This revised and expanded second edition retains key sections from the first edition, describing basic legal concepts while offering important updates that address recent legal topics. New chapters cover timely issues such as private wildlife reserves and game ranches, and the increased prominence of nuisance species as well as an expanded discussion of the Endangered Species Act, now more than 40 years old. Chapter sidebars showcase pertinent legal cases illustrating real-world application of the legal concepts covered in the main text.
Accessibly written, this is an essential, groundbreaking reference for professors and students in natural resource and wildlife programs, land owners, and wildlife professionals.
Eric T. Freyfogle is Research Professor and Swanlund Chair Emeritus at the University of Illinois at Urbana-Champaign, where he has taught for over thirty years in the areas of natural resources, property and land use law, environmental law and policy, wildlife law, and conservation thought. His various writings include Our Oldest Task: Making Sense of Our Place in Nature (University of Chicago Press 2017), Why Conservation Is Failing and How It Can Regain Ground (Yale University Press 2006), and coauthored law school casebooks on wildlife law, natural resources law, and property law. He has long been active in state and national conservation efforts, including service on the Boards of the National Wildlife Federation and its Illinois affiliate, Prairie Rivers Network.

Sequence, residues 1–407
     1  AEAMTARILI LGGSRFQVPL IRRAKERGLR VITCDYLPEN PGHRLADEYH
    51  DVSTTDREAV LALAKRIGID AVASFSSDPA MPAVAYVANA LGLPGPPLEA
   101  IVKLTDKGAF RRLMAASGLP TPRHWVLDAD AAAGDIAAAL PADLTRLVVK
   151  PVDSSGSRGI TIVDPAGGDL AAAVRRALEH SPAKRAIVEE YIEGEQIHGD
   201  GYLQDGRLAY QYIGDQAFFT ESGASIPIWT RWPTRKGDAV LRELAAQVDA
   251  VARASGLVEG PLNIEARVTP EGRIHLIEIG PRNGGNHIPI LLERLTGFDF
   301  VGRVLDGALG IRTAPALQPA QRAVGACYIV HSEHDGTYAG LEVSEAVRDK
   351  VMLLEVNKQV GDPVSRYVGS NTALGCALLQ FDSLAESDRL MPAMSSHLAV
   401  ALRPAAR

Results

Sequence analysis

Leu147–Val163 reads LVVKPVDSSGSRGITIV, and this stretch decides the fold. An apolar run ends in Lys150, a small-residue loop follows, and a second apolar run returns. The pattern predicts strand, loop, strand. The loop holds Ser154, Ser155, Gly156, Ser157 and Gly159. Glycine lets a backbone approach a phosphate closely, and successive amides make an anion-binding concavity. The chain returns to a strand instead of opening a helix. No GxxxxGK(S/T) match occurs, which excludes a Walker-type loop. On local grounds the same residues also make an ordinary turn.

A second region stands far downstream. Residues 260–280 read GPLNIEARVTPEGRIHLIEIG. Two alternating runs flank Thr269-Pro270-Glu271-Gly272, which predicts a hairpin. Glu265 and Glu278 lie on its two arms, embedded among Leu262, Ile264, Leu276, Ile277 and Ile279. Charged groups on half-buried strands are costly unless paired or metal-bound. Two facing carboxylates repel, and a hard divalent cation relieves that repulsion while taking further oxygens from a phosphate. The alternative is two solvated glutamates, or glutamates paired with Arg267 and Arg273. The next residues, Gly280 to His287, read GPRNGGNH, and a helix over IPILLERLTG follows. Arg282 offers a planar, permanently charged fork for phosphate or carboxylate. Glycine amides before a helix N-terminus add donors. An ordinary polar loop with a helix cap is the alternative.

Dale D. Goble is Professor Emeritus of Law (formerly University Distinguished Professor and Margaret Wilson Schimke Distinguished Professor of Law) at the University of Idaho, where his teaching and research have focused on the intersection of natural resource law and policy, constitutional law, and history. He has written numerous articles and essays. His books include Wildlife Law: Cases and Materials (with Eric Freyfogle); two edited volumes on the Endangered Species Act (Island Press 2005, 2006, with coeditors); and an edited volume (with Paul W. Hirt), Northwest Lands, Northwest Peoples: Readings in Environmental History (University of Washington Press 1999).
Todd A. Wildermuth directs the Environmental Law Program and is Policy Director of the Regulatory Environmental Law and Policy Clinic at the University of Washington School of Law. He received his PhD in natural resources and environmental sciences from the University of Illinois at Urbana-Champaign in 2008. He teaches wildlife law, environmental law, and related subjects in the School of Law, and various courses to students in environmental studies and environmental sciences in the University of Washington College of the Environment.
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